Source: The Mises Institute, by Ryan McMaken
When you’re a government agency, asking for a tax increase is always a hassle.
For the most part, taxpayers don’t like taxes, and if asked if they want to pay more, they’re likely to often say “no.”
Moreover, when public officials pass tax increases, they may face the wrath of taxpayers at the ballot box.
For this reason, governments are always looking for ways to get revenue without having to use tax revenue. After all, if taxes are the government’s only source of revenue, this presents a problem. As noted by Ludwig von Mises in Omnipotent Government:
The government has but one source of revenue — taxes. No taxation is legal without parliamentary consent. But if the government has other sources of income it can free itself from this control.
One of these “other sources of income” is the so-called “inflation tax” through which governments can create more money for themselves by simply creating it. The “tax” then falls on the public which is left holding devalued currency.
This is, as Ludwig von Mises, noted, “essentially undemocratic” since it’s an attempt to make an end run around the voters and obtain more revenue without having to go through the trouble of raising taxes honestly and out in the open.
Another method of seizing wealth from the taxpayers is through what is now called “civil asset forfeiture.”
This occurs when a law enforcement agency seizes the assets — including real estate, cars, cash, and other valuables — from private citizens based merely on the suspicion that the person has committed a crime with the assets in question. No due process is necessary. No conviction in a court of law need occur.
While it is technically possible to sue a government agency to reclaim one’s possessions, this requires immense amounts of time and legal fees to pursue.
Needless to say, civil asset forfeiture has become a lucrative source of income for law enforcement agencies. And, over the past 30 years, the practice has become widespread.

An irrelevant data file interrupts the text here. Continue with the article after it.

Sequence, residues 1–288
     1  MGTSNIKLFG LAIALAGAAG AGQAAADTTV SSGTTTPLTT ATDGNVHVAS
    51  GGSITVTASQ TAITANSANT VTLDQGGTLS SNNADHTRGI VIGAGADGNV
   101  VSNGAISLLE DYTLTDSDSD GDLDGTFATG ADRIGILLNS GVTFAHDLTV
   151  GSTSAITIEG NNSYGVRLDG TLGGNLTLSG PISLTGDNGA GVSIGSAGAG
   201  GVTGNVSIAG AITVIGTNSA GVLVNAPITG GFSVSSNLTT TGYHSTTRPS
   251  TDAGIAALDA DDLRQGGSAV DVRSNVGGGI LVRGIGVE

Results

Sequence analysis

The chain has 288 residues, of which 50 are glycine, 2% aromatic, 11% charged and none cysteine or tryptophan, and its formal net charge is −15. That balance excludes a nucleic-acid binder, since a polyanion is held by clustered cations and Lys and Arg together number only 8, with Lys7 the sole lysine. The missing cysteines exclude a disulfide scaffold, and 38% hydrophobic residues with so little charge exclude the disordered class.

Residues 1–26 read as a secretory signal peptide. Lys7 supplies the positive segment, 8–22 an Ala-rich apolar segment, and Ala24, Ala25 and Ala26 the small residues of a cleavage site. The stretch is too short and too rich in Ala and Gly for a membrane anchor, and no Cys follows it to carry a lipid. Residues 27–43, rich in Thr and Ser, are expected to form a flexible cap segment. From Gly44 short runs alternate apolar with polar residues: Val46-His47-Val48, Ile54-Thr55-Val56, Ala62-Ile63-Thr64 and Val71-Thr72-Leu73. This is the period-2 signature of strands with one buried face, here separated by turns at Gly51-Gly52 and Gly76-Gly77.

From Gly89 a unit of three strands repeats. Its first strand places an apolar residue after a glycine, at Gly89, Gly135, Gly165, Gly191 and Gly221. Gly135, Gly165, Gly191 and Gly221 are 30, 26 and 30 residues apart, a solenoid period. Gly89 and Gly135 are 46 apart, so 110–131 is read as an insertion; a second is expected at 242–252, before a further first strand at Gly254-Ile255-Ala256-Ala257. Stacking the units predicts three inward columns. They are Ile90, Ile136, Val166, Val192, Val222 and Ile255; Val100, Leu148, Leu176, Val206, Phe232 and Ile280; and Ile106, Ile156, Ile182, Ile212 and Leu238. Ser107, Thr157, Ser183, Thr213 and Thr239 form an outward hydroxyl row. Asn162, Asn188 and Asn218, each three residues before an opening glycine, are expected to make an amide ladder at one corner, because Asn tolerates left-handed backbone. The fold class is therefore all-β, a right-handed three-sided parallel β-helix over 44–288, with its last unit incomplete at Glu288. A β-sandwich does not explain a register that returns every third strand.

Tate Fegley writes:
Similar to how the income tax has become the primary source of funding for the federal government, many police departments have become dependent on CAF [civil asset forfeiture] to pad their budgets. In a survey of 1,400 county sheriffs and municipal police departments, 40 percent of responding agencies agreed that forfeiture provides a necessary budget supplement.
Fortunately, many taxpayers and reformers have begun to demand changes to their policies, and require that property can only be seized if the accused is actually convicted of a crime.
In recent years, New Mexico and Nebraska have enacted sweeping reforms to the system. Other milder — but significant — reforms have also been adopted in Maryland, Florida, Minnesota, and Montana.
Not surprisingly, law-enforcement agencies have often opposed the reforms tooth and nail. Moreover, in New Mexico, many municipal governments simply continued to seize assets, claiming the state law did not apply to them.
Even when the reforms are extremely mild, as is the case with recently-passed legislation in Colorado, local governments and law enforcement agencies are demanding the governor veto the reform legislation already passed by the legislature.
In response to the proposed legislation, a lobbyist for the County Sheriffs of Colorado claimed:
Read More Here: Civil Asset Forfeiture: Another Stealth Tax | Mises Wire